Rare Beauties

12 April 2012 | 1:31 pm | Rick Bryant

He used to prefer punk to Duran Duran now he prefers eating pies to mixing. Smrts' Predrag Delibasich says his role is to make the band sound "five per cent more happy".

If records are considered the progeny of bands, coming often after a long and arduous gestation, then there is a curious parallel that's occurring between Predrag Delibasich and his band Smrts' releases. Their debut, Sun Sets On A New Tomorrow, was recorded in haste just three days before the arrival of his first child, and recent release Have Friends And Visit Them At Night comes two months before his second. For some, this might be cause for anxiety, but Delibasich will approach it with his usual unbridled, artistic verve. “Well, I will definitely have a short break but I'll get back into action as soon as I can,” he states excitedly. “I feel inspired by parenthood and, regardless of how tired I get, I can still have creative time. I truly feel like I only just started being good at music, and I want to push the band as far as we can go.”

Having achieved so much in such a relatively short time, thanks in part to Delibasich's prolific output, it would appear there is already great drive in Smrts. Band members come together sporadically, and occasionally after lengthy absences, but this in no way stalls their progress. In fact, you get the impression that each jam is a treat, a rare opportunity for these seasoned and skilled musicians to capitalise on time spent together.

A recent tour through Melbourne and Sydney put the members' relationships under the microscope, but they came through unscathed and buoyed by what turned out to be a very successful trip. “It was the first time Smrts played outside of Perth, and it was amazing!” Delibasich enthuses. “We are an unknown band with no mainstream media or triple j support, but the shows were well attended and the crowds were very receptive. We hope to go back before the end of the year. And as far as going overseas to play, we would all love to do it.”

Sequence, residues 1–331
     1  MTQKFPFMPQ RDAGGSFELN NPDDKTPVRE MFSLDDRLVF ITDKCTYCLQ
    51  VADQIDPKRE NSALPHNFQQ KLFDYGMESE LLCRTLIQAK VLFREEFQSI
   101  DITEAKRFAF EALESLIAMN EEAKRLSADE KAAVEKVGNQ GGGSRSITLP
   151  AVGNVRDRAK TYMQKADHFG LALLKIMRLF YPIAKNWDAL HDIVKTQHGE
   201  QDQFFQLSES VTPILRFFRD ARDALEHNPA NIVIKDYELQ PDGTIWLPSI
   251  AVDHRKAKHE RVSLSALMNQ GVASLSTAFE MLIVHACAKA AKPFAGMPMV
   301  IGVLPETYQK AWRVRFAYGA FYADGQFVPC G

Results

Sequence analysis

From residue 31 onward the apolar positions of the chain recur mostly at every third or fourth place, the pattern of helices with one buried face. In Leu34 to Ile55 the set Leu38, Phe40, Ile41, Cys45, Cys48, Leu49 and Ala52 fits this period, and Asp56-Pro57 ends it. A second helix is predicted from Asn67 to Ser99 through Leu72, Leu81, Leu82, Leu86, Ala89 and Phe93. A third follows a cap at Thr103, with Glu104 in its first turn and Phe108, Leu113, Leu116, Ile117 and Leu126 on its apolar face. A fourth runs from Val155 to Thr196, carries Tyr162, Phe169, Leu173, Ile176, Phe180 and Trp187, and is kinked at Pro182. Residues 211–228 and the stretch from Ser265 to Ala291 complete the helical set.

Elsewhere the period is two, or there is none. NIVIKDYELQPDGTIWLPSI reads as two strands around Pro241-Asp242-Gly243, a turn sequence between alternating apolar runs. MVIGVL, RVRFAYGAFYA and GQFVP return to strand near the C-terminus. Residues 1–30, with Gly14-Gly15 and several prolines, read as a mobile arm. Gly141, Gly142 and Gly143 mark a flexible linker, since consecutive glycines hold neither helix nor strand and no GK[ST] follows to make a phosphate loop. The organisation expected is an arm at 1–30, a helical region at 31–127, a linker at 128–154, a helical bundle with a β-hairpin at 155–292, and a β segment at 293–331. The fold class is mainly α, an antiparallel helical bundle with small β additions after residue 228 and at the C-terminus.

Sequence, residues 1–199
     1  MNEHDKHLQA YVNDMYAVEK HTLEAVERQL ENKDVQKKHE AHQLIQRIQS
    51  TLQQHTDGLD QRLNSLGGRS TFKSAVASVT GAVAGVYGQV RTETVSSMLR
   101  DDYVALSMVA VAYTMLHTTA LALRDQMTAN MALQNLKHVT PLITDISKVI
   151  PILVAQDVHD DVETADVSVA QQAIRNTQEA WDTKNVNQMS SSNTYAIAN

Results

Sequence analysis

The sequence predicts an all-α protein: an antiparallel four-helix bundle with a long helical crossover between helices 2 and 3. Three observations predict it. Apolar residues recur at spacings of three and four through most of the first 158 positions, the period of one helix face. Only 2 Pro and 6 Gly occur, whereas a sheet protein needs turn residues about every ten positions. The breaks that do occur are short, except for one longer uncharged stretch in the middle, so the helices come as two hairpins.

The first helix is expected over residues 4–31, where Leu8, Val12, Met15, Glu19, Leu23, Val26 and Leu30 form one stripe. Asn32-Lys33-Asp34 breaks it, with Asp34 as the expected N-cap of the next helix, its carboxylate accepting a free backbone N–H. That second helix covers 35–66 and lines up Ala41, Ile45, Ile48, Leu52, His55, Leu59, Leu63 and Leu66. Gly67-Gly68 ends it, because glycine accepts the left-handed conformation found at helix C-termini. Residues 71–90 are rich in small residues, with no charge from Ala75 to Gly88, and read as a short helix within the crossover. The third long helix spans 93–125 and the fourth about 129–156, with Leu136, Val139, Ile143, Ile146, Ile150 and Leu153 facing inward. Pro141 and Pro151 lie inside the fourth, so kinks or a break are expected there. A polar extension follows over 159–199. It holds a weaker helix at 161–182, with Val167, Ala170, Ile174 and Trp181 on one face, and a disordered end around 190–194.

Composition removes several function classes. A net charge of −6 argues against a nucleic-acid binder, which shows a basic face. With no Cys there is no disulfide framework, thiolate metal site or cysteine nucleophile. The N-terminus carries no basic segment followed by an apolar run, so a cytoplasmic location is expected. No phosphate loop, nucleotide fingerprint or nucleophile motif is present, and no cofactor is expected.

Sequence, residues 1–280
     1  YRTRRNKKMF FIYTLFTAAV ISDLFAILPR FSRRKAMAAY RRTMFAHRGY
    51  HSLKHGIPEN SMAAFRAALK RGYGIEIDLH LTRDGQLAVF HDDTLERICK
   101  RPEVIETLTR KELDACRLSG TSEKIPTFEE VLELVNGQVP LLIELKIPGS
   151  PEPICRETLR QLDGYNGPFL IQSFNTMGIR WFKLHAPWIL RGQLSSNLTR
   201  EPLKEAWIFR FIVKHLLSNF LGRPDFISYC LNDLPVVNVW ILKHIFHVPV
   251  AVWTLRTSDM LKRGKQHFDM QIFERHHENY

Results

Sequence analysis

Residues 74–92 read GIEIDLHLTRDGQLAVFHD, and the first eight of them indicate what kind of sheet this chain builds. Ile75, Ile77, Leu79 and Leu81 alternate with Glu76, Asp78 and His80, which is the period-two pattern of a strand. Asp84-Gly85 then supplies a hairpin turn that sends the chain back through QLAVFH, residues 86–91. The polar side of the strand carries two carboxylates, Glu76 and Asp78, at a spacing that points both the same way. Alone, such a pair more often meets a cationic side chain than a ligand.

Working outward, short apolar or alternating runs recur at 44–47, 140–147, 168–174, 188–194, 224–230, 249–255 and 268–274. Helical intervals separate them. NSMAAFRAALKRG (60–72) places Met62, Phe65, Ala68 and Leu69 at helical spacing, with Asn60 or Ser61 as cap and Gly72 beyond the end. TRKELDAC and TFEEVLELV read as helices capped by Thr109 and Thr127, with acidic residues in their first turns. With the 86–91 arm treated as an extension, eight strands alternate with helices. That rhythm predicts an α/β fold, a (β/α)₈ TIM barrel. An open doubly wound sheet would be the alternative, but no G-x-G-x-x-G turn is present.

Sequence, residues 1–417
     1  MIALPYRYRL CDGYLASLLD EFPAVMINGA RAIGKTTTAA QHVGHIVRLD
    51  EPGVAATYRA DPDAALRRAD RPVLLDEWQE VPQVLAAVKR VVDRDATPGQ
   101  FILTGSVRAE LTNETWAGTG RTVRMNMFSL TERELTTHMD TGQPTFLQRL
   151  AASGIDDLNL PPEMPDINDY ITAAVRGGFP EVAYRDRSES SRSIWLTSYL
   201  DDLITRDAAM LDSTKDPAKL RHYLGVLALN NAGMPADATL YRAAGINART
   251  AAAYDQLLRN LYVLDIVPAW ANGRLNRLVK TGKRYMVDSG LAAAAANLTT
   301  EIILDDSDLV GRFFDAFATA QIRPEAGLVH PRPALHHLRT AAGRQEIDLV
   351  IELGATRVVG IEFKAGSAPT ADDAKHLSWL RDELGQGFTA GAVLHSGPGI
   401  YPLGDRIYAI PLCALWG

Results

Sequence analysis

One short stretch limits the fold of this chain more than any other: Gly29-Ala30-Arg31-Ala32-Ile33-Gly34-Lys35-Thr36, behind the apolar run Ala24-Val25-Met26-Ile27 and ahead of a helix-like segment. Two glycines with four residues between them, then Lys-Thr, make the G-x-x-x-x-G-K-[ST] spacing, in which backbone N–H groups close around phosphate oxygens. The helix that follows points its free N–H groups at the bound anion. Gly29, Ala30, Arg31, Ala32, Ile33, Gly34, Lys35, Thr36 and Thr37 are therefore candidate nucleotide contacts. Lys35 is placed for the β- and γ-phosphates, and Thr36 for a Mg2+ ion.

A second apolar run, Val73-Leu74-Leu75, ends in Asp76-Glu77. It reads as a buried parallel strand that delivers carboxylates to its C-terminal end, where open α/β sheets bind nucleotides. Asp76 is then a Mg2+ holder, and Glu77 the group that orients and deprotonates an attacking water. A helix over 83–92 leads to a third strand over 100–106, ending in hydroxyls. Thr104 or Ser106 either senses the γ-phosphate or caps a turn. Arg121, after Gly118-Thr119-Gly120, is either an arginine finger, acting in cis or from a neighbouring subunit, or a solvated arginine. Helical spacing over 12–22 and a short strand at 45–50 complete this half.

Encompassing a range of influences and styles, Smrts have arrived at a point where their sound is not only unique but also wholly accessible.  While the band's first album was an exercise in efficiency, the second was recorded with more of a game plan in mind. This intent is evident in Have Friends… as its mix has been given greater attention, and the result is an album that is more sonically interesting than its predecessor. “We had heaps more time for this album and, after recording all the drums and guitars, we spent a couple of days mixing everything,” Delibasich explains. “Lewis [Ryan] and Matt [Bairstow] were mixing and we were eating pies and drinking beer, telling them 'bring this up', 'cut this delay down', 'make it five per cent more happy'.”

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Having been involved in the Perth music scene in various guises for a decade, Delibasich has, in Smrts, managed to very successfully combine his obscure musical bent with more structured songwriting. To hear his other work might suggest that Smrts' relatively standard approach is at odds with his instincts, but the truth is that Delibasich is as much a lover of convention as he is of those uncommon, leftfield oddities. Well, almost.

“I like a lot of obvious stuff, but it's always small, unknown acts that impress me more, probably because I feel a connection with them. When I was a teenager everybody loved Duran Duran. I hated them and was into punk and new wave, so I enjoyed going against the mainstream and finding the rare beauties in obscure music. There is so much music, old and new, and I find something exciting on a weekly basis.”

With upcoming shows scheduled and one of this year's most striking albums to promote - in both content and cover - there's little doubt more people will be discovering the beauty in Smrts, too.